Vinton’s new telecommunication service experienced some outages recently but they weren’t caused by problems with the iVinton system, according to Matt Storm, iVinton’s interim general manager. “We had some unusual events that occurred within a couple of days of each other, and unfortunately, many of the same people experienced interruptions in service.”
Several cable cuts occurred because technicians hired to locate underground utilities failed to accurately locate and mark iVinton fiber cables. The cables were severed during street construction on 6th street. Repair crews arrived, spliced the cable, and service was restored in a few hours, but it was still an inconvenience for iVinton customers.
Another problem occurred just two days later but was the result of a card that failed in the operations building. The card was located and swapped out, and though the outage was brief, it once again caused an inconvenient interruption of service for some customers.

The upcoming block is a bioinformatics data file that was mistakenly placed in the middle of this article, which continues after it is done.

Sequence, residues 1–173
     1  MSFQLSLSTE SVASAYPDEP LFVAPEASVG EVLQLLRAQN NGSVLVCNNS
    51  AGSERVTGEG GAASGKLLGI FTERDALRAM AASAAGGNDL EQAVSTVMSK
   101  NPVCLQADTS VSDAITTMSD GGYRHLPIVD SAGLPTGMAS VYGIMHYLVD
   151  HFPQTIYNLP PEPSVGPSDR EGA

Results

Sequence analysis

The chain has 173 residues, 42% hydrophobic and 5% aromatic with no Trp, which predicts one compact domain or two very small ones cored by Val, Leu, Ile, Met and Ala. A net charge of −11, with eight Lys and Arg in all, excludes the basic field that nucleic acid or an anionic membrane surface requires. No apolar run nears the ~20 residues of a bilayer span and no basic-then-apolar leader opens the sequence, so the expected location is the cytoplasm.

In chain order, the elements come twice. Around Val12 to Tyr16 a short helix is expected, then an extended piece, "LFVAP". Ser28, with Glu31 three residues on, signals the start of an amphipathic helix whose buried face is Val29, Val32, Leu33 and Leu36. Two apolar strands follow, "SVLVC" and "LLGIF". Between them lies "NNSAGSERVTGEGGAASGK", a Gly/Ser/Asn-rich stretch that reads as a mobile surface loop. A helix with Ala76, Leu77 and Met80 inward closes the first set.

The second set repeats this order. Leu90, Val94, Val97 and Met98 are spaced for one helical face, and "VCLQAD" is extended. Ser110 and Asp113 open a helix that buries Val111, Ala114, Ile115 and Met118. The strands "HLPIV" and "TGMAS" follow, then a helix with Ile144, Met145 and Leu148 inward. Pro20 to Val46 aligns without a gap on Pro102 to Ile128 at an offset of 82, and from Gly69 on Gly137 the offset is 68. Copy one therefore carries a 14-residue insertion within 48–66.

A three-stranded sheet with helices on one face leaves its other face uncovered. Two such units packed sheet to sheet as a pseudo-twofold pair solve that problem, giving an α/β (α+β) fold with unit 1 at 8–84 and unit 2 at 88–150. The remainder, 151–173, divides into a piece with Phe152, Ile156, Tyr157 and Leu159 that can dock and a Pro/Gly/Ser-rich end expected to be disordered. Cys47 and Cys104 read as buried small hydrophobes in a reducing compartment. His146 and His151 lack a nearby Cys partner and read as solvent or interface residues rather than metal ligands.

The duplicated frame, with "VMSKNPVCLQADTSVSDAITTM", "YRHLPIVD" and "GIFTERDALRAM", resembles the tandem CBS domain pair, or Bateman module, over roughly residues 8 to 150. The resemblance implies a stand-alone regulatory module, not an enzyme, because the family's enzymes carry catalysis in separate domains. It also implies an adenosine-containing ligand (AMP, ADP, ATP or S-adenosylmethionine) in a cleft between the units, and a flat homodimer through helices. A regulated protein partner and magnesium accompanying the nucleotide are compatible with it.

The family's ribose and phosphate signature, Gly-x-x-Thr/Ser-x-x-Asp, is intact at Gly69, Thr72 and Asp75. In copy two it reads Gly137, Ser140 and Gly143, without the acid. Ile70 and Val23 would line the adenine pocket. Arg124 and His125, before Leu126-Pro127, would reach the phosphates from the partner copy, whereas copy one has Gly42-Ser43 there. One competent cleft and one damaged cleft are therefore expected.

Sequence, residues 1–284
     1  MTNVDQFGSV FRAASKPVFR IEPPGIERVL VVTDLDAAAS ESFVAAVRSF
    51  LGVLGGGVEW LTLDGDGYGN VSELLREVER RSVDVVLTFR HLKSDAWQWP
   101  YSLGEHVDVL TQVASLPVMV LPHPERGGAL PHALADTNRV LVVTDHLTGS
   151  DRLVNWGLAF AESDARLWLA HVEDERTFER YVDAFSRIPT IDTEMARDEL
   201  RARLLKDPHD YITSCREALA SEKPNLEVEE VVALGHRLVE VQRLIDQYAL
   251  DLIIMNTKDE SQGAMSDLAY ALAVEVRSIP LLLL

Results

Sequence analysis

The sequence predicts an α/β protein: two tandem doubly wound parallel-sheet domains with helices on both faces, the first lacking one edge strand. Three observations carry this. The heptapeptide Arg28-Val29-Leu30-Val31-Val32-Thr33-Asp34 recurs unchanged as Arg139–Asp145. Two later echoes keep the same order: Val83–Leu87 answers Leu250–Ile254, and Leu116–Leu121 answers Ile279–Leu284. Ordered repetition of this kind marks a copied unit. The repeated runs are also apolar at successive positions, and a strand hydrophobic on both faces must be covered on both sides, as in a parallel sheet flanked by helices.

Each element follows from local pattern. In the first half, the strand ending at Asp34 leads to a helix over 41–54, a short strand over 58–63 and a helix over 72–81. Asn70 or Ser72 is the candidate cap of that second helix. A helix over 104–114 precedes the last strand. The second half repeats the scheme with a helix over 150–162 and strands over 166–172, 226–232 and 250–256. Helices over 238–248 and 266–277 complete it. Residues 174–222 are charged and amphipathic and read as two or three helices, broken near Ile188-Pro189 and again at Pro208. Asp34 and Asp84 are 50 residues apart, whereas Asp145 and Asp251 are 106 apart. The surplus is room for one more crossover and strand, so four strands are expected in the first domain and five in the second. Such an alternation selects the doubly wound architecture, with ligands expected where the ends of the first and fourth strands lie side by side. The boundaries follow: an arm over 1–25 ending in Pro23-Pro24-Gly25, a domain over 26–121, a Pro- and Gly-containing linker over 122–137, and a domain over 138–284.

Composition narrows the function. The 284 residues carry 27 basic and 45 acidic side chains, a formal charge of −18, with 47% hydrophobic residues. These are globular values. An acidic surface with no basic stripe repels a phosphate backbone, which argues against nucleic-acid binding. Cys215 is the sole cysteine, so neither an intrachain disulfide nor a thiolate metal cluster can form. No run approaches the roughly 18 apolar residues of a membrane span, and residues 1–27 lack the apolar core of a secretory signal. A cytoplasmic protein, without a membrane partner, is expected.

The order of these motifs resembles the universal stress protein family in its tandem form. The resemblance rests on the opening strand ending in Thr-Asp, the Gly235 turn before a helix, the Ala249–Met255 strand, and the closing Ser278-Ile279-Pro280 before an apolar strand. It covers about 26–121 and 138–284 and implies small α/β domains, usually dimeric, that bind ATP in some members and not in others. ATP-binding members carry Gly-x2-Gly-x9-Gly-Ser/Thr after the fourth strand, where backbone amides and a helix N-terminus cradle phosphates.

Storm shared, “It’s unfortunate that even one of those events happened,” said Storm, “but because they happened so close together, some customers wondered if it was a system problem. It wasn’t. Equipment, like electronics in the operations equipment, will fail from time to time, and if cables aren’t properly located, construction crews will hit them through no fault of their own. The good news is that our personnel or technicians we brought in have been quick to restore service.”
Storm also shared that the new utility is already exceeding projections for total customers. “We’re rapidly closing in on the customer sales goal for all of 2021, and in fact, I think we’ll exceed the original sales projections long before the year is over.”
Vinton was the first of a new group of communities establishing municipal telecommunications systems. Similar projects are currently under construction in New Hampton and Pella. A half-dozen communities are in the planning stages for new projects, and more than a dozen other cities and counties in Iowa are gathering information about internet needs among their residents.
Across the U.S., several states have rolled back or abolished barriers to community broadband projects. The state of Washington recently made headlines with new legislation opening the option for existing utility districts to offer broadband services.
For information about the iVinton system, call iVinton at 319-472-3255, or visit the iVinton website at www.ivinton.com